Secrets Your Parents Never Told You About Business Case Studies

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The doorknob rattled. Two of the men occupying a federal biologist’s office in a stand-off over land rights hopped from their chairs and swung rifles toward the locked door.

There was no knock – the established procedure for gaining entry to the nerve center of the siege mounted by brothers Ammon and Ryan Bundy at this eastern Oregon nature center.

The Bundys’ bodyguard stood in silent alert but heard no voices from the snowy darkness outside.

“Should we approach the door or not?” Ryan asked, creeping toward a window.

Ammon, armed with only a cell phone, remained seated and shook off the tension, saying dryly, “Oh, it’s fun to live this way.”

Since Saturday, the brothers and a small band of supporters have occupied the Malheur National Wildlife Refuge, which they seized to protest the U.S. government’s control of vast tracts of Western land.

On Tuesday, for the first time, they allowed two reporters to join them inside their refuge for a night marked by long discussions and moments of hair-trigger tension.

Earlier, the Bundys had heard from people they trusted that federal law enforcement agents were assembling in Burns, the nearest town, a half hour’s drive away. Federal officials have said they have no plans to approach the refuge.

As the two Reuters reporters arrived just after nightfall, the occupiers were moving into a state of high alert. The group’s head of security, a man known as Booda Bear, had been out of touch since driving off-site hours earlier. Amid efforts to locate him, the Bundys talked at length about what had brought them into this wilderness – and what it would take for them to leave.

They began the occupation after a demonstration in support of two ranchers convicted of setting fires on their land that spread to this reserve. Dwight Hammond and his son Steven were sent back to prison this week after a judge ruled that the sentences they previously served for arson were not long enough under federal law.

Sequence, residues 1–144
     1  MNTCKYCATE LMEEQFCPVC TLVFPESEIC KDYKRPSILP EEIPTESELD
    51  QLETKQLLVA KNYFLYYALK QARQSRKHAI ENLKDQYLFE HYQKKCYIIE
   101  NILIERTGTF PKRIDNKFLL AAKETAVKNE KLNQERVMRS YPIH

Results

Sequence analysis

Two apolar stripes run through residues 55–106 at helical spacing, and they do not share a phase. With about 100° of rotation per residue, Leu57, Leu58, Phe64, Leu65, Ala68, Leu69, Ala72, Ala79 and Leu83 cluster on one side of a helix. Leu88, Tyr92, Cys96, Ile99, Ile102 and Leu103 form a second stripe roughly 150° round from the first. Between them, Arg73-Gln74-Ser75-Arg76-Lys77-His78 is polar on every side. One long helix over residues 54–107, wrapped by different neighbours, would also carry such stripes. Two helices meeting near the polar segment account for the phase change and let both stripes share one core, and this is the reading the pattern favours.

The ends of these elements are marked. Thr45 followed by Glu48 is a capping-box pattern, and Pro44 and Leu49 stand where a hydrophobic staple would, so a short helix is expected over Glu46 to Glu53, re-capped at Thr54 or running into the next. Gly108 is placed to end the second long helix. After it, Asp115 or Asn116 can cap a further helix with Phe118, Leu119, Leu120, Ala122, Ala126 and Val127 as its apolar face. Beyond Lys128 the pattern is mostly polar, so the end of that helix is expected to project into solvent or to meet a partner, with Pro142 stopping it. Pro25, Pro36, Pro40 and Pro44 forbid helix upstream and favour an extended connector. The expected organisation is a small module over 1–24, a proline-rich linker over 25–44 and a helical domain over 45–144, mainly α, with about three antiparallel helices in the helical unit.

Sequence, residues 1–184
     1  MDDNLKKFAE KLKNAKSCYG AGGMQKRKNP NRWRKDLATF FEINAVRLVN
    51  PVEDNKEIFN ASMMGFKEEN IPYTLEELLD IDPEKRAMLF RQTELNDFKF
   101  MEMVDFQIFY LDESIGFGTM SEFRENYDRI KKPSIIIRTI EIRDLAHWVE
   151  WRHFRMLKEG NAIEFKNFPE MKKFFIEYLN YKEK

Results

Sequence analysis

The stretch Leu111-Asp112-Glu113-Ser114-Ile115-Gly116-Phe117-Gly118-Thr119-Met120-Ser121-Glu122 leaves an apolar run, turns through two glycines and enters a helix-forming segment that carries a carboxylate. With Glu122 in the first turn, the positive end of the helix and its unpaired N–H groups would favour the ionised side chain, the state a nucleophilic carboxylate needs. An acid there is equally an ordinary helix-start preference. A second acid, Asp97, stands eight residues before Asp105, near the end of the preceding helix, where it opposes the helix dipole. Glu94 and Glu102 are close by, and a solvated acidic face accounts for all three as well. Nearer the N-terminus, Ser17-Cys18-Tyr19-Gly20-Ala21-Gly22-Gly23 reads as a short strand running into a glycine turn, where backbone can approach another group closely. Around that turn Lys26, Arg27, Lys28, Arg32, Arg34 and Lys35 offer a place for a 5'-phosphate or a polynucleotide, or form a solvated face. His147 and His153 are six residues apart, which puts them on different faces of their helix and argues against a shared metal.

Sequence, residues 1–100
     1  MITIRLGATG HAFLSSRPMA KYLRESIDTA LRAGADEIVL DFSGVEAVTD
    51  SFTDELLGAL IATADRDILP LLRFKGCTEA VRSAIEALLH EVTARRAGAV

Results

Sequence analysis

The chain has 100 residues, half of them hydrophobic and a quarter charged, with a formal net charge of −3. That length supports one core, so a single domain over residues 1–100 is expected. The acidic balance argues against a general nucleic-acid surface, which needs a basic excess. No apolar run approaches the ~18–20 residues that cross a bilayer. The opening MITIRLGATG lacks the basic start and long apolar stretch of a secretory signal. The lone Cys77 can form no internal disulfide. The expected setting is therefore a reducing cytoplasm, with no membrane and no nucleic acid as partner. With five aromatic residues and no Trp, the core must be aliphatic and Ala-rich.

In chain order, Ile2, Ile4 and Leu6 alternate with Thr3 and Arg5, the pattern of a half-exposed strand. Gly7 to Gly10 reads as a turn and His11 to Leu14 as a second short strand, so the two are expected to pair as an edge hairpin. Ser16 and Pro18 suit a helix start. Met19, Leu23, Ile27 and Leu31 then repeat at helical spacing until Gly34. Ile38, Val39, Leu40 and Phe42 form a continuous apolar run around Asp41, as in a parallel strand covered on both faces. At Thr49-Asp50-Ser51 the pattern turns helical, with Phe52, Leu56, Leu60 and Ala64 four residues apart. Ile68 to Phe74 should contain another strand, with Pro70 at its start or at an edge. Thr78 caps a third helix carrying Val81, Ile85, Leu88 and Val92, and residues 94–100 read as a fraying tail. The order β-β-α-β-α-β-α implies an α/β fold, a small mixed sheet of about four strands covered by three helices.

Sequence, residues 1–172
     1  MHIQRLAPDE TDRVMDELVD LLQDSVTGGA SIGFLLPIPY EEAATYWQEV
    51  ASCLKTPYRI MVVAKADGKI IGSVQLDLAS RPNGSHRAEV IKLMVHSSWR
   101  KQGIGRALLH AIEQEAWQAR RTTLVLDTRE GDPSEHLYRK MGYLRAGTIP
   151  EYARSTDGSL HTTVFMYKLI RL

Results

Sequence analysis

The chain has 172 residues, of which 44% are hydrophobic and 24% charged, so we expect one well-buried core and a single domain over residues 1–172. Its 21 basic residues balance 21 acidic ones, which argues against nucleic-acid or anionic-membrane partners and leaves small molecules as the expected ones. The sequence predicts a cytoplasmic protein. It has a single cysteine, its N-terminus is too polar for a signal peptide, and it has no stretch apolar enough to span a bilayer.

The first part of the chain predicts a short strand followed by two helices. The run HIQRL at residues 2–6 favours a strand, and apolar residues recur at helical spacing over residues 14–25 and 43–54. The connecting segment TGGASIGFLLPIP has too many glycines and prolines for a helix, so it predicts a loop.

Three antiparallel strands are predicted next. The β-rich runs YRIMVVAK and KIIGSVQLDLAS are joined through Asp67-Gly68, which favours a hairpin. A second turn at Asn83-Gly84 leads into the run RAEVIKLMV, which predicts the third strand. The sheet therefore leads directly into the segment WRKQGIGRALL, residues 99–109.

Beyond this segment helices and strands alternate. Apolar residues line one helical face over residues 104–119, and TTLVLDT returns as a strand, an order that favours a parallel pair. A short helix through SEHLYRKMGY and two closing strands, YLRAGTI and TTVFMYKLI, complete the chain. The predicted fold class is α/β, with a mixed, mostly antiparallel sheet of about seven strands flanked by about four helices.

For the Bundy brothers, the occupation is personal. Their father, Nevada rancher Cliven Bundy, who was not at the reserve but was offering his sons advice by phone, became a symbol of the anti-government ethos after a stand-off over grazing rights with federal authorities in 2014.

When the brothers heard about the Hammonds’ legal troubles, they felt a need to show support and confront a federal government they believe tramples on local control. But how the occupation will end still isn’t clear.

“When we can say, ‘OK, now we can go home,’ would be when the people of Harney County are secure enough and confident enough that they can continue to manage their own land and their own rights and resources without our aid,” Ryan Bundy said. “And we intend to turn this facility into a facility that will aid that process.”

To underscore his point, he grabbed a piece of paper from the office printer. It featured a new name and logo the group had decided on for the Malheur refuge, which plays host annually to a wide range of migrating waterfowl. In the Bundy-designed logo, the words “Harney County Resource Center” float over an image of the reserve’s horizon in the glow of dusk.

FISH PRINTS, PIZZA AND BULLETS

The brothers have taken over the cozy and cluttered office of Linda Sue Beck, a biologist and civil servant they have come to view as a symbol the federal government. They said they would allow Beck to come to gather her personal belongings. But they don’t want her to return to work.

“She’s not here working for the people,” declared Ryan Bundy, the more outspoken of the brothers. “She’s not benefiting America. She’s part of what’s destroying America.”

He referred to her as the “Carp Lady,” a nod to the fish-themed block prints and “Carpe Carp” sign on her office walls

Ahmed Kaludi

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